Dave has been announced as the winner of this year’s Mercury Prize 2019.The Streatham, London-born rapper received the award for his debut album Psychodrama, which was released on 8 March 2019.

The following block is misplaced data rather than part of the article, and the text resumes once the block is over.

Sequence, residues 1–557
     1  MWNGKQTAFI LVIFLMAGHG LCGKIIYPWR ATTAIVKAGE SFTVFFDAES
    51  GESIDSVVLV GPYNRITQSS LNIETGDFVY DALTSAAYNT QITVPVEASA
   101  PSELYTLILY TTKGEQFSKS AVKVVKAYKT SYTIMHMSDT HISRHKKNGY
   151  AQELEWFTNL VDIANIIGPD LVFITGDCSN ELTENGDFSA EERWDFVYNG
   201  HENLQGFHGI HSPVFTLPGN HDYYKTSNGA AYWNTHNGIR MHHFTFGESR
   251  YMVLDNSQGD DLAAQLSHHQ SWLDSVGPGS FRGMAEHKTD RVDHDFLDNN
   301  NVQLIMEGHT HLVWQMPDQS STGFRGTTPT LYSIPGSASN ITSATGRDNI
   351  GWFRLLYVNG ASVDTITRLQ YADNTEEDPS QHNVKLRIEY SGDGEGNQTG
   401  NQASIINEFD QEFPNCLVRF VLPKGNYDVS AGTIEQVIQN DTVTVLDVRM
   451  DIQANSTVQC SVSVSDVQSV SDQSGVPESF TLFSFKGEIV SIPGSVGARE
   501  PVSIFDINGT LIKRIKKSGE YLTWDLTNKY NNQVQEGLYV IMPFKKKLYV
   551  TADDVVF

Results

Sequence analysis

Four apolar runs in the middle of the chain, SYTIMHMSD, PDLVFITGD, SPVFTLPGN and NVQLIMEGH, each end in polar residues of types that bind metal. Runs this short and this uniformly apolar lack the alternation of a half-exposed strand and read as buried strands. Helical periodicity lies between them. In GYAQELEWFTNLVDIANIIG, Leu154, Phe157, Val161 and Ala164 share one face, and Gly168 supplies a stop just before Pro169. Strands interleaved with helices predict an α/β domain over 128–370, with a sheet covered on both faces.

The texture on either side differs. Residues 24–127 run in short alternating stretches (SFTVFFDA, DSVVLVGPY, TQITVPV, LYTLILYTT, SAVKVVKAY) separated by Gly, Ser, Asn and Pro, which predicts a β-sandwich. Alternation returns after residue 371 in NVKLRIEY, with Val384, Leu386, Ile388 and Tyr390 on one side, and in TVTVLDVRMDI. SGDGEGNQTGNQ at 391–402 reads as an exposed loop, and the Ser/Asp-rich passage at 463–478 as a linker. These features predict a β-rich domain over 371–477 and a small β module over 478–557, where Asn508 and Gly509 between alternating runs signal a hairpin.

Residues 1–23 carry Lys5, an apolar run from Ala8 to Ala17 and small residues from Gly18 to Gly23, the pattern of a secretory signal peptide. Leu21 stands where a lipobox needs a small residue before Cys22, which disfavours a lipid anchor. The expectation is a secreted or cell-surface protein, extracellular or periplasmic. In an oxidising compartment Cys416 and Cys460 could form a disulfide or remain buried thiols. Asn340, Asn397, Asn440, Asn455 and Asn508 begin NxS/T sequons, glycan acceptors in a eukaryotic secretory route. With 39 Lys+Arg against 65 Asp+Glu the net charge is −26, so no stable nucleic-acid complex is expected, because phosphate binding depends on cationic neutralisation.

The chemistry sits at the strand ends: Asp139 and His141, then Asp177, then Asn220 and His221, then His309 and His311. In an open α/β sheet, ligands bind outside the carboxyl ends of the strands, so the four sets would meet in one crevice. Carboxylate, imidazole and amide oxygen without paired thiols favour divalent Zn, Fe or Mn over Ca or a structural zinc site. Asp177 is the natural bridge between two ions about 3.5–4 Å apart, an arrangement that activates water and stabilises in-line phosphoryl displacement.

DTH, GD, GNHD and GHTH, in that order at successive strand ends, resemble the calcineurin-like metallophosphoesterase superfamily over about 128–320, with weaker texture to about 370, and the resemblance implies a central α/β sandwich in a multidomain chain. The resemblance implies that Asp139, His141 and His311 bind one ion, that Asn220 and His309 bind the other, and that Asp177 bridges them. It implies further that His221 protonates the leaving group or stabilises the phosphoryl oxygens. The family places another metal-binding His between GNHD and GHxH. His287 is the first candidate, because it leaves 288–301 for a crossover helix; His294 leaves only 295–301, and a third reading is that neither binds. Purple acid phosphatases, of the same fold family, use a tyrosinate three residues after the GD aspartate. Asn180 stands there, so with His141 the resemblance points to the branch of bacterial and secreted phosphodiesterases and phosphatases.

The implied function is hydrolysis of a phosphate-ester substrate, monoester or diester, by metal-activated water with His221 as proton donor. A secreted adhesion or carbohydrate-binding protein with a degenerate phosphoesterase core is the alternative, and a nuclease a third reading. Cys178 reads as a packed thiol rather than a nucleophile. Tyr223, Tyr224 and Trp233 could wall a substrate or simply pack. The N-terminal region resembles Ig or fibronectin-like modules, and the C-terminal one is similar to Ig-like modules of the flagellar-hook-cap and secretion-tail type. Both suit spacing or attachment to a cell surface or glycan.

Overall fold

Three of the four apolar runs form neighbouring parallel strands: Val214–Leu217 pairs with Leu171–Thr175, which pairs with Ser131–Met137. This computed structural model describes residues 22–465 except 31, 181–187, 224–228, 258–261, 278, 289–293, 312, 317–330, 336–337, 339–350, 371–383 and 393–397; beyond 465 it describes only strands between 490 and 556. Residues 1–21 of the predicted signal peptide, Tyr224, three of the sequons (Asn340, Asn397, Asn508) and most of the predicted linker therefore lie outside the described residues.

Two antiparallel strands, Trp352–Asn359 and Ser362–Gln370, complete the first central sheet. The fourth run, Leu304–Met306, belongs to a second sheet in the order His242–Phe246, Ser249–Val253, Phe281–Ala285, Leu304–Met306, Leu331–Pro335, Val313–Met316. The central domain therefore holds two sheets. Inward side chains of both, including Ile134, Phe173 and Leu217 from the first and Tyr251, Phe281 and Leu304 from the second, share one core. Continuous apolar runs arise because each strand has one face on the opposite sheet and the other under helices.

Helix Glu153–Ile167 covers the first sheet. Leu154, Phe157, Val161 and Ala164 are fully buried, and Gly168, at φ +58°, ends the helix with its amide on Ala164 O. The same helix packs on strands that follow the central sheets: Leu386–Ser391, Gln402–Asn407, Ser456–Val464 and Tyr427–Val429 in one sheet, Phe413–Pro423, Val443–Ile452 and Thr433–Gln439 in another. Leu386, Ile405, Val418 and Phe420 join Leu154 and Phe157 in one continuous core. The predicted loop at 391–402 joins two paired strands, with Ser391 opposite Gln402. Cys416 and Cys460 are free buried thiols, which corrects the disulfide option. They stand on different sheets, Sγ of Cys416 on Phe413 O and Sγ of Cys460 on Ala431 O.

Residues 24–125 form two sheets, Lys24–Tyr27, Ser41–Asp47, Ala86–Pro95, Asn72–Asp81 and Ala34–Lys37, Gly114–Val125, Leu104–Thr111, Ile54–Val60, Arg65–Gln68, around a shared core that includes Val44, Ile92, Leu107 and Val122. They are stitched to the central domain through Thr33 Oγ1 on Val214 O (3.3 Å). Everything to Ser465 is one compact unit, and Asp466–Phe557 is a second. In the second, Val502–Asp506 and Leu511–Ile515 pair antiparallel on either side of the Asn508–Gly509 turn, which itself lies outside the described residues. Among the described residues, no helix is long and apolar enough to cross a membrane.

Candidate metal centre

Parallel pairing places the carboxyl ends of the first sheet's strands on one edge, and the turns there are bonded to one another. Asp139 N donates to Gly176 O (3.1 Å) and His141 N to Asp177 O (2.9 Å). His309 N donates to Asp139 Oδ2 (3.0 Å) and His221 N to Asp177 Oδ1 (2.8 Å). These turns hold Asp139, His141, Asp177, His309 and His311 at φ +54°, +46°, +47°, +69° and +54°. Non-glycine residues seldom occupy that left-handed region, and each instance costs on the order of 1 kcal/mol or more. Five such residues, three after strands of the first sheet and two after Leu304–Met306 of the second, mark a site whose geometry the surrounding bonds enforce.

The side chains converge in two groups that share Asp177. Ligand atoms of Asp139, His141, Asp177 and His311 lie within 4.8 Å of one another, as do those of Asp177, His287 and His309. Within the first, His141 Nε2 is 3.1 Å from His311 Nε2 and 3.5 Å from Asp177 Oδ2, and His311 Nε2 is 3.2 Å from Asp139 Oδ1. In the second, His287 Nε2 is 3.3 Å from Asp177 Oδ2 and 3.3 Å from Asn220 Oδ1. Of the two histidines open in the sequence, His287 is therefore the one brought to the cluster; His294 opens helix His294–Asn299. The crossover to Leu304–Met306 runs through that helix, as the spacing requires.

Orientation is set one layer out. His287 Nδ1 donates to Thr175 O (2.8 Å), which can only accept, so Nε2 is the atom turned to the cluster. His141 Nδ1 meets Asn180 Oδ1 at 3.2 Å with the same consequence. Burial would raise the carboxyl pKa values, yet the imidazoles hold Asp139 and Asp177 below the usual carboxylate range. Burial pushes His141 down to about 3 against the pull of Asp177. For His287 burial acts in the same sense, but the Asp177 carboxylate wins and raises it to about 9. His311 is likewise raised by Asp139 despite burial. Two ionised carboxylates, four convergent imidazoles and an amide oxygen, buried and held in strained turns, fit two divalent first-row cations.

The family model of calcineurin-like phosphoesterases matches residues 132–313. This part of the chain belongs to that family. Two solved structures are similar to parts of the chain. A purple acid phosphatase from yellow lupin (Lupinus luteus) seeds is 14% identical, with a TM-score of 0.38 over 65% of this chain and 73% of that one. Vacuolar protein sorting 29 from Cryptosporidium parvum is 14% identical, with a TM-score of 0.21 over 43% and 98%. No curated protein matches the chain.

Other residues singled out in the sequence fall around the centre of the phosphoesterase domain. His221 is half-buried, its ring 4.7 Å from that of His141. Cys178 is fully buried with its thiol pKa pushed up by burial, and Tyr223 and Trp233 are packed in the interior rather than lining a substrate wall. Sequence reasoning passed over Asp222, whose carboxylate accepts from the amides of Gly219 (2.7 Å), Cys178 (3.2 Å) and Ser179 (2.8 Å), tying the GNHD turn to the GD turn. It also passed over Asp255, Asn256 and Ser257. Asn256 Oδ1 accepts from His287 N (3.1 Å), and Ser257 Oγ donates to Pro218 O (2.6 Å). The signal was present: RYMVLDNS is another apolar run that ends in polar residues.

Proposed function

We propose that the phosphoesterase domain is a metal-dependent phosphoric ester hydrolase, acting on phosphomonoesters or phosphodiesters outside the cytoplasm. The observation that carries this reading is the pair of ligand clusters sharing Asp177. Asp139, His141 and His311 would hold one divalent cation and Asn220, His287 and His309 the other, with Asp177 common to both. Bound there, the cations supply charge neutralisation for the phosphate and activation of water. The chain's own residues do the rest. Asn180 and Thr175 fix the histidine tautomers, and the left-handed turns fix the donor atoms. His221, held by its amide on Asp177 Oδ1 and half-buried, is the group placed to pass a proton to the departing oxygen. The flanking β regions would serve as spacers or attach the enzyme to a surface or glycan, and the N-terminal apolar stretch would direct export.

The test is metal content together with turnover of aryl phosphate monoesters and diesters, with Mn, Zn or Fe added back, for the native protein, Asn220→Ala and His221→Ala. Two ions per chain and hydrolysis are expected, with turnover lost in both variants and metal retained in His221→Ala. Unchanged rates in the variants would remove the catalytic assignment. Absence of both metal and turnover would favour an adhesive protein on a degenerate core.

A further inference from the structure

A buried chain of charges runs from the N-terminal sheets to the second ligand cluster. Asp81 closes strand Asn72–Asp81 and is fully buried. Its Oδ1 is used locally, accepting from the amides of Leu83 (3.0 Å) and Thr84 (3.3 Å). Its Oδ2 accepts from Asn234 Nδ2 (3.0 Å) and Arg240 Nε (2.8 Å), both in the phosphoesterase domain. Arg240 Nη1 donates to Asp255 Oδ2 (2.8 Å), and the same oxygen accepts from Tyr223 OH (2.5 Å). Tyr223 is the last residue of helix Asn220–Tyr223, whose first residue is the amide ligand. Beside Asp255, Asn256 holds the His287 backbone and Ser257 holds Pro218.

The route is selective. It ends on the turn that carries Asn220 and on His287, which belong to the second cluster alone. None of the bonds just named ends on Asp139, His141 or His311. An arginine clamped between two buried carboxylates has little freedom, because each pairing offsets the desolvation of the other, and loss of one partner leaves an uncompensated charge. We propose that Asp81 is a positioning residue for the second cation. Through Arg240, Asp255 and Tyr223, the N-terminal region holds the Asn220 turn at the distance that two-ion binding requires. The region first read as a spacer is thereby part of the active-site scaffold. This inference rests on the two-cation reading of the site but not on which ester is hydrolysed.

The singer has used a Rolling Stone interview to explain her pro-Democratic politics and disavow her adoption by the far right. After years of keeping herself at a largely indifferent remove, Taylor Swift has elaborated on her political ideology in a new interview with Rolling Stone. Harkening back to the perceived better times of the Obama years, Swift said, among other things, that she regrets not getting more involved in the 2016 election, and the way her allegiances or lack thereof have been manipulated by bad actors. For years her reluctance to stake out a claim one way or the other made her something of a useful political totem, including, notably, when neo-Nazis and alt-right trolls adopted her as an Aryan ideal. “Firstly, Taylor Swift is a pure Aryan goddess, like something out of classical Greek poetry. Athena reborn,” Andre Anglin of the white supremacist blog the Daily Stormer wrote in 2016. The admiration is not mutual, although Swift clarified she was not aware of her adoption for the racist cause at the time. “There’s literally nothing worse than white supremacy. It’s repulsive. There should be no place for it,” she told Rolling Stone. Now she’s trying to learn as much as she can about politics, calling it something she’s become obsessed with. “I was living in this sort of political ambivalence, because the person I voted for had always won,” she explained, echoing the thoughts of many liberals who never felt obliged to pay attention before the Trump era. “We were in such an amazing time when Obama was president because foreign nations respected us. We were so excited to have this dignified person in the White House. My first election was voting for him when he made it into office, and then voting to re-elect him. I think a lot of people are like me, where they just didn’t really know that this could happen.” Now she’s focused on the 2020 election, she said, hoping that her involvement might help more than it hurts the Democrats’ cause. “I also don’t want it to backfire again, because I do feel that the celebrity involvement with Hillary’s campaign was used against her in a lot of ways,” she said. In 2012 she told Time magazine that she didn’t “talk about politics because it might influence other people”, and that she didn’t think she knew “enough yet in life to be telling people who to vote for”. Then in 2018 she had surprisingly come out for Phil Bredesen, candidate for Senate, and Jim Cooper for the US House in her home state of Tennessee. Bredesen would ultimately lose, but Cooper, who won, said Swift’s endorsement was like “manna from heaven” and called it “one of the great honors” of his life in an interview with the Associated Press. At the time of the endorsements many of her fans on the right said she had made a huge mistake career-wise. Donald Trump said he now liked her music “about 25% less”. Lest any voters on the left think it’s now safe to adopt Swift into their ranks, as of now she maintains the ideology of a centrist Democrat. “I do think, as a party, we need to be more of a team,” she said. “With Republicans, if you’re wearing that red hat, you’re one of them. And if we’re going to do anything to change what’s happening, we need to stick together. We need to stop dissecting why someone’s on our side or if they’re on our side in the right way or if they phrased it correctly. We need to not have the right kind of Democrat and the wrong kind of Democrat. We need to just be like, ‘You’re a Democrat? Sick. Get in the car. We’re going to the mall.’”